If the main objective in installing a lift kit is to get tires that are at least two sizes larger than stock, it may be necessary to re-gear the car to account for the new circumference. Re-gearing will also keep the mileage as close to stock as possible. Whether or not re-gearing is needed can depend on the vehicle and tire size, so it's a good idea for car owners to talk to a professional mechanic to find out if a vehicle needs to be re-geared when the kit is installed.

Several different manufacturers make lift kits, and the prices vary, depending on the model and type. In addition to the cost of the kit, owners will need a set of four tall tires and any other modifications that may be required, which can push the total price up a great deal more. New tires are not necessary, but stock tires will look conspicuously small in higher wheel wells.

Lift kits can be self-installed with the proper tools and skill, but unless the car owner is a mechanic, it's probably easier to pay a reputable shop to install one. Many shops that specialize in 4x4 gear also have auto bays and skilled mechanics ready to perform modifications. Although US law prohibits manufacturers from voiding a warranty for installing an aftermarket part, they are often used as a cause for denying a claim, so people who install lifts will want to check with their dealership before doing so if the vehicle is still under warranty.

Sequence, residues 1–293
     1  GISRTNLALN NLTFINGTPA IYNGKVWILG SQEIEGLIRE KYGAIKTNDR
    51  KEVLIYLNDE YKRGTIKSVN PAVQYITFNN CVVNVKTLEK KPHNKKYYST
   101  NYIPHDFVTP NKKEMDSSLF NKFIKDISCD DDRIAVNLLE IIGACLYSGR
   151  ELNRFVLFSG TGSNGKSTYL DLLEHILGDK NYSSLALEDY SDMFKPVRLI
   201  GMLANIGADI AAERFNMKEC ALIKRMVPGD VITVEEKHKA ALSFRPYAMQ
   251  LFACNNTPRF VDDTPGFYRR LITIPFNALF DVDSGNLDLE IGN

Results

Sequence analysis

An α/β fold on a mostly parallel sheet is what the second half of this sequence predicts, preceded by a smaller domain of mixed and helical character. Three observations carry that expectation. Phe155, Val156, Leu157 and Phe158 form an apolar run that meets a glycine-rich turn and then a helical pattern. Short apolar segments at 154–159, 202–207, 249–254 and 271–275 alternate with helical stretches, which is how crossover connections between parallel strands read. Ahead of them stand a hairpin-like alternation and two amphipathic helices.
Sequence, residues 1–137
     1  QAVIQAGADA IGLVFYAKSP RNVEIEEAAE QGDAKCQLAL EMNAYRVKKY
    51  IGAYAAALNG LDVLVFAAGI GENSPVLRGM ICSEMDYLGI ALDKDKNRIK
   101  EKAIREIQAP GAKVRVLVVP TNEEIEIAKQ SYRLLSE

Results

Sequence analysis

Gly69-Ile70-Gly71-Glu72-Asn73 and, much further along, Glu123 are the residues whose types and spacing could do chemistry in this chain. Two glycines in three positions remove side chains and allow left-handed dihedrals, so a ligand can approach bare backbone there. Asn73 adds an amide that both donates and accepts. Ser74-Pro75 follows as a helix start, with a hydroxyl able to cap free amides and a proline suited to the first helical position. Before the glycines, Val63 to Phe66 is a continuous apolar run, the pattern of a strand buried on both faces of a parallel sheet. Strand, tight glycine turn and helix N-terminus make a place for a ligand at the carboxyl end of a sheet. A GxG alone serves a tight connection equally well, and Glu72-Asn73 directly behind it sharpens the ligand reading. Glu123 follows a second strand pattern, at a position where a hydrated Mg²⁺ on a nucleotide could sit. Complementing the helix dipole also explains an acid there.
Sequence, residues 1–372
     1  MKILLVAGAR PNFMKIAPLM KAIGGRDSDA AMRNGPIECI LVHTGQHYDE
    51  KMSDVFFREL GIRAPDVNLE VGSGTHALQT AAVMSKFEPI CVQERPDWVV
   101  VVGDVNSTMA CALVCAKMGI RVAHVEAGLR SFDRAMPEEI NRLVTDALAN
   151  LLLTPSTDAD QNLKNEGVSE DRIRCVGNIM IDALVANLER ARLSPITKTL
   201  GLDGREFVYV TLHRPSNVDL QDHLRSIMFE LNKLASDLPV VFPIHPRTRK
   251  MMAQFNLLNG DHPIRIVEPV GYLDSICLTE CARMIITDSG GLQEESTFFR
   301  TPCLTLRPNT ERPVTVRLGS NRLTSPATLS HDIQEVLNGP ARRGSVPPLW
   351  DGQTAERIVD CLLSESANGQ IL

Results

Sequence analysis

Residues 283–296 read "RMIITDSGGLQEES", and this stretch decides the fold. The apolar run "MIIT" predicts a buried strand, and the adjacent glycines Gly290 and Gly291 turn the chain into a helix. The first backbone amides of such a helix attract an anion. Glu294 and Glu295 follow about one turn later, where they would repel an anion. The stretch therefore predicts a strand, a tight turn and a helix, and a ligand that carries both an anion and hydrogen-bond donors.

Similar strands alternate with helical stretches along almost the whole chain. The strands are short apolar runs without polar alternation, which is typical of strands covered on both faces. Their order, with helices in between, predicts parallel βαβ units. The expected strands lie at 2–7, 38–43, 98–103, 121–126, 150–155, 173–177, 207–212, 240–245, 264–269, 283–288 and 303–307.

An aftermarket lift kit may be installed on an SUV if the driver often encounters rough terrain.
An aftermarket lift kit may be installed on an SUV if the driver often encounters rough terrain.

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Discussion Comments


I have a three inch lift. Can I put a 6-inch lift suspension on it to get it to flex more?


I have a f150 and I want to have a lift truck kit, about 5-6". how much do I have to spend?


i have to ask this: do any of you consider the fact that both your lights and speedometer are now realistically non-functioning as the headlights aren't re-leveled so that they point to the road like they are supposed to when manufactured and the speedometer is inaccurate due to the larger tires which have a greatly increased diameter and this can be anything from seven to 15 mph out? Is this a though anyone has?


I've heard that lift kits damage your vehicle. is that true?


There is a way to increase ground clearance but it is nearly impossible to do on your own unless you're a mad scientist.

My friend took the front end out of a junk dodge 4x4 and fabricated everything he needed to fit it to the rear end, giving him two front ends. And independent suspension. No straight axle, high clearance. VoilĂ ! It kind of worked but mostly stayed in his shop because it was never exactly to his standards.


yea a spacer will do that just fine.